September 14, 2006, Indian Express
New Delhi, India

AMID the public discontent over the Right to Information Amendment Bill, Chief Information Commissioner Wajahat Habibullah says: “I cannot presume to know whether the amendment bill will be passed. Nor 0am I so arrogant to believe that the government will accept my advice on the matter.” The Right to Information Act, which was to reverse the 1923 Official Secrets Act which protects government secrets from the public, is set to be amended in the winter session of Parliament. Habibullah was one of the delegates to the Interactive Session on the Right to Information Amendment Bill, organized by CUTS International at the India International Centre today. Magsaysay Award winner and CEO of Parivartan, Arvind Kejriwal, was also present. Kejriwal, who thanked Habibullah for having spoken out against amending the Act, said people mistakenly believed that only file notings will be removed under the amendment. He says not just file notings but also information on a particular project would be withheld unless the authorities take a final decision. “This exclusion of the public from decision-making defeats the purpose of the Act.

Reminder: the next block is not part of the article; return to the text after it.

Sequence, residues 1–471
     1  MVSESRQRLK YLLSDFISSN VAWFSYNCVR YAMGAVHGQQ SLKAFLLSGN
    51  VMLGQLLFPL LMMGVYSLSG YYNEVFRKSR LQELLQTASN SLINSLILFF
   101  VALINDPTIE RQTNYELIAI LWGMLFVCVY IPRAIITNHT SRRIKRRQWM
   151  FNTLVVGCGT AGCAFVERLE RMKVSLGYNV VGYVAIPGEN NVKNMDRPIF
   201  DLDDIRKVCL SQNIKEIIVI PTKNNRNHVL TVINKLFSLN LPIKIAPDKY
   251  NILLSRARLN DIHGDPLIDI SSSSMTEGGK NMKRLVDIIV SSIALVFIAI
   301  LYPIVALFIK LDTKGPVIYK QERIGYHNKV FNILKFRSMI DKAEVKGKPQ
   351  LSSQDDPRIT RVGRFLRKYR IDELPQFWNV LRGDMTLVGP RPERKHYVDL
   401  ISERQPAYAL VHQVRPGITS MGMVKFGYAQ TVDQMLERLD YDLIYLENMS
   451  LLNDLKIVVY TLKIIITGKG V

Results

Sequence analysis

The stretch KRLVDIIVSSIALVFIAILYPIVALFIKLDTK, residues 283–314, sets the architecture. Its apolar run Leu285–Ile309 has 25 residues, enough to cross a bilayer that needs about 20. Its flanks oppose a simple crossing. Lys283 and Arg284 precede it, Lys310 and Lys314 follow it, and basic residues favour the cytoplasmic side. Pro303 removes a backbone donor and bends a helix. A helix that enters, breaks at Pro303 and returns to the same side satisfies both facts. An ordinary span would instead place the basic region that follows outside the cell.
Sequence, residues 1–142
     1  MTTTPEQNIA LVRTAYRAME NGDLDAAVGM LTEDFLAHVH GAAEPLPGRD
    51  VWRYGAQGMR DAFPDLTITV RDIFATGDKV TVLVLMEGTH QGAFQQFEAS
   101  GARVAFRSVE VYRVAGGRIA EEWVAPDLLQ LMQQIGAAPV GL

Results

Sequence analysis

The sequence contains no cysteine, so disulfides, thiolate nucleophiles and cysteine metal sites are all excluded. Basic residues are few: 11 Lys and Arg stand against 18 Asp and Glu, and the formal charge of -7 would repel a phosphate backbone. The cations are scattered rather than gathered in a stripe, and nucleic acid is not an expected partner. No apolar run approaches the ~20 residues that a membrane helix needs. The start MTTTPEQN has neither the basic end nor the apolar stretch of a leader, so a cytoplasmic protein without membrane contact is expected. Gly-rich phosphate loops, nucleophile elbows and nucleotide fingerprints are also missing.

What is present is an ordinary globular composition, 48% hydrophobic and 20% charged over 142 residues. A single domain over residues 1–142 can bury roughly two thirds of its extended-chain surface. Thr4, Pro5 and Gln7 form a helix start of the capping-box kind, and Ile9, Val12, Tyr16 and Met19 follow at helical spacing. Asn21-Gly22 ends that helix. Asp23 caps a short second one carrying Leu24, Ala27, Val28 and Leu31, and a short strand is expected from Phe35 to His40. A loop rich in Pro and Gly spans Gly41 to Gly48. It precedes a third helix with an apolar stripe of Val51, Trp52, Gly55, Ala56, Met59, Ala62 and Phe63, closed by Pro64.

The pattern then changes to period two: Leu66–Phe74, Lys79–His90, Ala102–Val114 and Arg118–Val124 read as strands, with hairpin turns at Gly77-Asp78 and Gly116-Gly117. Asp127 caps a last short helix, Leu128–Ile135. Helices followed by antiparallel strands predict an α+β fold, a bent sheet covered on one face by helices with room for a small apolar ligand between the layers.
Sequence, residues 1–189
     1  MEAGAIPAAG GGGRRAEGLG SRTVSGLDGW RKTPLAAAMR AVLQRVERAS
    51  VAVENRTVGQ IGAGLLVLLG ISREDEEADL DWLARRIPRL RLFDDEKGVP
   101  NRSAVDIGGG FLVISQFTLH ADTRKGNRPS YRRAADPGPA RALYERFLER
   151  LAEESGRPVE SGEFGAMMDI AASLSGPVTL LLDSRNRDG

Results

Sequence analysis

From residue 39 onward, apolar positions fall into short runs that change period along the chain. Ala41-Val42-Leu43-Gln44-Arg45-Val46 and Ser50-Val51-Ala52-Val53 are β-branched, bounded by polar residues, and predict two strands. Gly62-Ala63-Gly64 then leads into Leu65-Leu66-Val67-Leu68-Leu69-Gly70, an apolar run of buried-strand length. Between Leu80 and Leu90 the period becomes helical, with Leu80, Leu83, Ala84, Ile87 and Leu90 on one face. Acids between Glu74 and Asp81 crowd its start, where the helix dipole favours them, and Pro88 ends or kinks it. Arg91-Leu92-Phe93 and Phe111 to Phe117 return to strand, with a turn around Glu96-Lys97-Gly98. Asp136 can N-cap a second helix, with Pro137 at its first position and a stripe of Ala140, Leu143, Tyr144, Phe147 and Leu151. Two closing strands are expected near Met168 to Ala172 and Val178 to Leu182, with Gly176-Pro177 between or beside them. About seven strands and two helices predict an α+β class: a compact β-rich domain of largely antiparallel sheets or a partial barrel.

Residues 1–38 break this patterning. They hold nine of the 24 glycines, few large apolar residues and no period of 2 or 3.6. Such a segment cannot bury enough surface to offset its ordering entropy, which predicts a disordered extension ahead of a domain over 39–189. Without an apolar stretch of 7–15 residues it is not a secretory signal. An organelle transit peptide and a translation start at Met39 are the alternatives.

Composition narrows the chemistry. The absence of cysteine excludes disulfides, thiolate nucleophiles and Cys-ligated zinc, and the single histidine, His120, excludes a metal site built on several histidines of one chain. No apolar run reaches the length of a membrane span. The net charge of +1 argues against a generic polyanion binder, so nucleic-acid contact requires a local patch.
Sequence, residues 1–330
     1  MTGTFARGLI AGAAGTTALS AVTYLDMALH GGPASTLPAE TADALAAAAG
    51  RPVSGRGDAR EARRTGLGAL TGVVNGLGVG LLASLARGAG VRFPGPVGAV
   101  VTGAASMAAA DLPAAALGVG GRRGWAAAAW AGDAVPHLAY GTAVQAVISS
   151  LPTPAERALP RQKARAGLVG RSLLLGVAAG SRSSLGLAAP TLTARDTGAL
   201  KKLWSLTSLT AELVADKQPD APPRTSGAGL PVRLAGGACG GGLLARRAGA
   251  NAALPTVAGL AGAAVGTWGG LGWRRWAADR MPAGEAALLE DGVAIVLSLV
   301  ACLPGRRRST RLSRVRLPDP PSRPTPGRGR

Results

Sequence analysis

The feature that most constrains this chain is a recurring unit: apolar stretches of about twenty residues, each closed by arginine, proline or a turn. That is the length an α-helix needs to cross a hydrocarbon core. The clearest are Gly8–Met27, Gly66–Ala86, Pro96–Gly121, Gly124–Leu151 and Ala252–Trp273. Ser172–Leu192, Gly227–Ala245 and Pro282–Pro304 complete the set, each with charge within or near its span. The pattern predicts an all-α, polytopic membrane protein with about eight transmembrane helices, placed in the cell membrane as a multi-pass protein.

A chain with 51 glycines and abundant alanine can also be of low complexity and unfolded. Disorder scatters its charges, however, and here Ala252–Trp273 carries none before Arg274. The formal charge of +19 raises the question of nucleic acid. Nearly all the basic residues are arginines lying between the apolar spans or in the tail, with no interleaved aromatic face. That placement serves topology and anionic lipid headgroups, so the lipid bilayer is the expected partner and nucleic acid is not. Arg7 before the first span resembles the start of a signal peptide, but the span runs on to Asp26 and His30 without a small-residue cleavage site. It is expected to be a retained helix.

The public can now only conduct post-mortems of various “decisions,”Kejriwal said. The amendment would also lead to the exclusion of any information regarding examination systems and evaluations as well as personal information regarding promotions, appointments or dismissals. The public information officer will also have the right to withhold information on ‘substantiative’ file notings. “The vague wording of the amendment could mean that any demand for information can be denied,” Kejriwal says. “The government’s rationale behind the amendment is to accommodate the free flow of opinion among government employees on various projects. However this is not true. Most bureaucrats in fact state that the Right to Information (Act) would save them from being pressurised by corrupt politicians or seniors,” the CEO of Parivartan added. Habibullah and Kejriwal agreed that the mindset of the public and bureaucrats has to change, with the latter saying that the landmark Act could give millions of Indians hope if it is left untouched. “If the amendment bill is not passed this winter session and more citizens use it, in a few years no government will be able to touch it,” the Magsaysay Award winner said.